U of T has helped train many of Canada’s top diplomats
Since the turn of the last century, nine U of T grads have been appointed to lead Canada’s diplomatic corps and have played a key role in shaping Canada’s foreign policy. Three are profiled below.
Lester Bowles Pearson (BA 1919 Victoria)
Pearson is arguably Canada’s most famous and decorated foreign minister. After graduating, Pearson considered law and business before joining the diplomatic service. He was appointed Secretary of State of External Affairs in 1948 and, as minister, spoke softly but carried a big stick. A champion of NATO, Pearson backed sending Canadian troops to Korea as part of the UN force. He was awarded the Nobel Peace Prize in 1957 for proposing the UN’s first-ever peacekeeping force to defuse the Suez Canal crisis.
Barbara McDougall (BA 1960 UC)
McDougall is one of only two female politicians to have held the position of Canada’s top diplomat. She entered politics as a Progressive Conservative in 1984, and was named Secretary of State for External Affairs in 1991 − a position she held for a little more than two years. As minister, McDougall reiterated a signature foreign-policy principle of Prime Minister Brian Mulroney: that the sovereignty of individual states could be trumped when fundamental human rights were at stake. Under these conditions, Canada, McDougall insisted, “could not remain indifferent to what happens inside other countries” such as South Africa and the former Yugoslavia.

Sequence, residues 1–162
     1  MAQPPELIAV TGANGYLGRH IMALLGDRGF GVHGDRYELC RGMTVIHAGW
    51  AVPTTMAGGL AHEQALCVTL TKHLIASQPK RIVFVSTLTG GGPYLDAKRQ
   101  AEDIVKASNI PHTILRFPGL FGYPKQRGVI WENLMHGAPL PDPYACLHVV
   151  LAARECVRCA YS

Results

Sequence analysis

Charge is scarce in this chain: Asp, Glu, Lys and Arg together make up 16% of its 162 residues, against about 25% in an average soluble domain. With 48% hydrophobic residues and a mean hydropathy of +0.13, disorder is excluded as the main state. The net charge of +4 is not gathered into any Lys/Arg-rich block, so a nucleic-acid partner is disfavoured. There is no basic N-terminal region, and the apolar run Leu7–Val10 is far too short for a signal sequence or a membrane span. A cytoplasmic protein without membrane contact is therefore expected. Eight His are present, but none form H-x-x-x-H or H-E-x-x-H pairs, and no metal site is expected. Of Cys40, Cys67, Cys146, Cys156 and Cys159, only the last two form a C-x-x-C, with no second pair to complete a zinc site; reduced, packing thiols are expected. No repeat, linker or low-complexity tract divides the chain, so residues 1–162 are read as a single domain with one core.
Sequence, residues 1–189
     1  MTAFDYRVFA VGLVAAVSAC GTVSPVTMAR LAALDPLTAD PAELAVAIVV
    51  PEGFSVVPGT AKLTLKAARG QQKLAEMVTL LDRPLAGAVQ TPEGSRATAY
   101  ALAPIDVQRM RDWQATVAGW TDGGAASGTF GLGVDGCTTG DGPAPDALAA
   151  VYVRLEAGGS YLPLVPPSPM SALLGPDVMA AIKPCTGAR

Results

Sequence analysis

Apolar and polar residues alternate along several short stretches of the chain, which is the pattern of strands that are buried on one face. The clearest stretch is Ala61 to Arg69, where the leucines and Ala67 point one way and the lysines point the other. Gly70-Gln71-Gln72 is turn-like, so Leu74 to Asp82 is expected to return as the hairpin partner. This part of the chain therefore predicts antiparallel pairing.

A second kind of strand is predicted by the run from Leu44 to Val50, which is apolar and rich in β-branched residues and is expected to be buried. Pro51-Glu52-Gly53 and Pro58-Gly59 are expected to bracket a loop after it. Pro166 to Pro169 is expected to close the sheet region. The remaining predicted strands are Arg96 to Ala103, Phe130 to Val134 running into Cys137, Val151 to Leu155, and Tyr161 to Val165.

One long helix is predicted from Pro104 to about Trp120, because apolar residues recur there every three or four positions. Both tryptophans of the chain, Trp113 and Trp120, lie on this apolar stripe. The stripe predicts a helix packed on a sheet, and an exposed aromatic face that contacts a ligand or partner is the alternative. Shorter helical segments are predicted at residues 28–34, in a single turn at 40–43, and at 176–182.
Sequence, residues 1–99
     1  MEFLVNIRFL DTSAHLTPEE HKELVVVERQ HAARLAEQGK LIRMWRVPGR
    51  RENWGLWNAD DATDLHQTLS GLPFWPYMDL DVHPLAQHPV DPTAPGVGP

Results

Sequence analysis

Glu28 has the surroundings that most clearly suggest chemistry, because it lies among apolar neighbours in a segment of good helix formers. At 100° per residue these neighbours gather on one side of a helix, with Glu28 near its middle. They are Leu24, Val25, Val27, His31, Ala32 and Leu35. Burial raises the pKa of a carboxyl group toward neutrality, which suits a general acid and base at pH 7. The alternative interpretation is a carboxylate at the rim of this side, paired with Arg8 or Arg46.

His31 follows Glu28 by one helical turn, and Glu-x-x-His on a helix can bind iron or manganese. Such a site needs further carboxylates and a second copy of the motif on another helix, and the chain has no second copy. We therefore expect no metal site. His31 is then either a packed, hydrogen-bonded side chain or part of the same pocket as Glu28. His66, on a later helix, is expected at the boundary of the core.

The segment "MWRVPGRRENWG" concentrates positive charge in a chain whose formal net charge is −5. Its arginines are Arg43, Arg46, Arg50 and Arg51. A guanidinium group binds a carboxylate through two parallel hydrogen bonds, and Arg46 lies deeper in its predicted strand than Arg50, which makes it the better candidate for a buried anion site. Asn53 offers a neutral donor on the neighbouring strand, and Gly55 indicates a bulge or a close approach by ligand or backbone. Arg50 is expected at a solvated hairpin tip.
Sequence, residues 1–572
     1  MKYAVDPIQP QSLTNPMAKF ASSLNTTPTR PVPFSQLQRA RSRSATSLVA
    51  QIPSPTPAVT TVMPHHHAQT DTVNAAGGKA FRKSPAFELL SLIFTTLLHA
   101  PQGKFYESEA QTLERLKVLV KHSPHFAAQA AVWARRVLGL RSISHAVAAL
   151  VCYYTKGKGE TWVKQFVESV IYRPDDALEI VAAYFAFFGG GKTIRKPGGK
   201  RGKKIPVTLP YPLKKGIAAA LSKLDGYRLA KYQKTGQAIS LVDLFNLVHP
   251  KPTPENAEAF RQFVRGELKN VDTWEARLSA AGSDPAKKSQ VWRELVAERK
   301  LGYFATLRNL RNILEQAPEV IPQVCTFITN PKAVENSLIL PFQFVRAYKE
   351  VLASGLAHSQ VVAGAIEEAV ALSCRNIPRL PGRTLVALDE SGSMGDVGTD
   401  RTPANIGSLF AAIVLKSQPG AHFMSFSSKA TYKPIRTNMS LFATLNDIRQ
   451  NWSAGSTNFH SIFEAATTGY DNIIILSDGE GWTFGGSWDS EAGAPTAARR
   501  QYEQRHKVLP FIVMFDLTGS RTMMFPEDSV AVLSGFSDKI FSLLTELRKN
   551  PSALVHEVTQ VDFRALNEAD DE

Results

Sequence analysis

Bill Graham (BA 1961 Trinity, LLB 1964)
Graham taught at U of T and practised international trade law before becoming a Liberal MP in 1993. For six years, he served as Chair of the House of Commons Standing Committee on Foreign Affairs and International Trade. Under his stewardship, the committee produced reports on the future of the World Trade Organization, and Canada’s ties with Europe and the Muslim world. In 2002, Graham was appointed Minister of Foreign Affairs. As minister, Graham was embroiled in the Maher Arar affair. Testifying before a judicial inquiry, Graham expressed his regrets over how the Canadian software engineer was deported to Syria and tortured.